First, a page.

April 8, 2015

Scissortail Creative Writing Festival - Afternoon Sessions & Evening Feature, April 2

After an impromptu lunch gathering of about 17 writers & artists, most of whom were reading sometime during the Festival we got back for the first of the afternoon sessions in Estep Auditorium. If there is a “discouraging word” (as the old cowboy song would have it) about the Scissortail Festival it is that there are frequently concurrent readings, so one inevitably will miss some writers. While I’ve certainly experienced this dilemma of having 2 writers I’ve wanted to hear reading at the same time, as my mother once said to a teen-age me with 2 girl friends, “sometimes you just got to make up your mind.” The other side to this issue is that this Festival has 50 some writers reading in the space of 2 & half days & there is plenty of time to get together between sessions, or after, to meet & talk.

That said, by the time I got back to the session I’d picked, Rilla Askew was already into her reading. I missed the introduction but later found her piece “The Tornado that Hit Boggy” in TriQuarterly.  It is a compelling memoir/essay about Thursday, April 12, 1945, the day that President Roosevelt died, weaving what happened in her home town in Oklahoma when the tornado hit to what was happening in the Pacific theater & in Europe as World War II was ending, & on to May 2013 & the tornado that hit Moore Oklahoma. Rilla’s latest novel is Kind of Kin (Ecco). She also has a New York connection, living part of the year in the Catskills, with her husband, New York playwright & poet Paul Austin (more on Paul in a later Blog).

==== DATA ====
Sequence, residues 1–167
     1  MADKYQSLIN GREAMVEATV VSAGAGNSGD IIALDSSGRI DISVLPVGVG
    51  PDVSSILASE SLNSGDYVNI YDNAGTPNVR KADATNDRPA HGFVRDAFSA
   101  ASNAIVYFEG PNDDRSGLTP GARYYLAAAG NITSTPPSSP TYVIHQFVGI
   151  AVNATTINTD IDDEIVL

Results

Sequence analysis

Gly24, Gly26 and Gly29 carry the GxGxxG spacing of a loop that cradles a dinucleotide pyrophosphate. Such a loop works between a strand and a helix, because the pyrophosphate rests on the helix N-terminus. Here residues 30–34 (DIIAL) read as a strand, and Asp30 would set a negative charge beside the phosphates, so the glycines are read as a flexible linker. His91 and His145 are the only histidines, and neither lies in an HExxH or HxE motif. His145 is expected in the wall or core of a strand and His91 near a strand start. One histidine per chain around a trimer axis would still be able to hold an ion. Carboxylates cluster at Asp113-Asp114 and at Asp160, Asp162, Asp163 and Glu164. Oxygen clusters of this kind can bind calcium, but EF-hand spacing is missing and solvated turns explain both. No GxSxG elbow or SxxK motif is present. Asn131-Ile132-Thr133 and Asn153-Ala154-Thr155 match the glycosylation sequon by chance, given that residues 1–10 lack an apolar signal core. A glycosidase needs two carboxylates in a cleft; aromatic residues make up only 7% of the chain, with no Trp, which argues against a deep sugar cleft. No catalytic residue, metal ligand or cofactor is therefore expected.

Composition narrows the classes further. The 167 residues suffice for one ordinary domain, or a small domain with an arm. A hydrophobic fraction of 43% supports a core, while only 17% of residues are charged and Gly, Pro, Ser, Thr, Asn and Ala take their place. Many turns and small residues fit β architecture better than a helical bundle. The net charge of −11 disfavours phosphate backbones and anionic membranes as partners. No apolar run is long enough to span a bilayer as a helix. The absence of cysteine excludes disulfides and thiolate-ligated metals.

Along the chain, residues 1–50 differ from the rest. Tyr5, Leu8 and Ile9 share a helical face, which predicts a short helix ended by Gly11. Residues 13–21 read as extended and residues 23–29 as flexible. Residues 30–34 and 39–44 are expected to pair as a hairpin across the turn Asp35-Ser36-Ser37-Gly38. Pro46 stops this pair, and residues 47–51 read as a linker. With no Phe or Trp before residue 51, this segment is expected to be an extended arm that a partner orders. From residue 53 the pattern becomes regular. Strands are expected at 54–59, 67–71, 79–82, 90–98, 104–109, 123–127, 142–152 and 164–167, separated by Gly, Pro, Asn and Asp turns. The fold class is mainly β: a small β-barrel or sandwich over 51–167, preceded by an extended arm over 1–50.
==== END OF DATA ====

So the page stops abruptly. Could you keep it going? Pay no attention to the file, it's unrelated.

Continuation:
Mark Allen Jenkins mostly read poems about working, but his first poem fell more into the eco-poetry category, about strip mining & the changes to landscapes, the way poems can change a “landscape.” His working poems included “Playground Supervisor,” “Removing Hurricane Debris” (on a relationship), “Disposal” (throwing away plants at a garden center), & “Van Gogh in the Fertilizer & Pesticide Aisle."  He also read a the descriptive poem about Zanesville, Ohio, thinking about why he moved there.

I must confess that Alan Berecka is one of my favorite poets. After I met him here in 2011, I scheduled him to read at Poets in the Park in Albany, when he passed through to a family wedding (he grew up outside Utica). Today he began with “Invested” a poem about being at a Church meeting & thinking about the gone poet Jim Spurr, imagining him dressed like Henry VIII, with a beer in one hand & St. Peter’s keys in the other, then read “Questions of Economy - King Kong (Early Porn Star) Meets Adam Smith” which was a favorite of Jim’s because of its irreverence, from Alan’s 2011 collection Remembering the Body (Mongrel Empire Press). Alan likes to mix theology &/or religious figures & images, as in “Why Theology & Economy Don’t Mix” where he uses a childhood experience of pilfering at restaurants to explain Jesus’ appearance at Emmaus, or when he interprets Jesus as a one-hit wonder in “Jerusalem Idol.” & there is lots of family as well, “Cirrhosis Comes Home” (his mother), “Dinner Out at the Buffalo with Mom & Dad” & the funny & touching “A Father’s Confession.” Alan was struggling with a cold &/or bronchitis which maybe enhanced his reading, lowering his voice a third.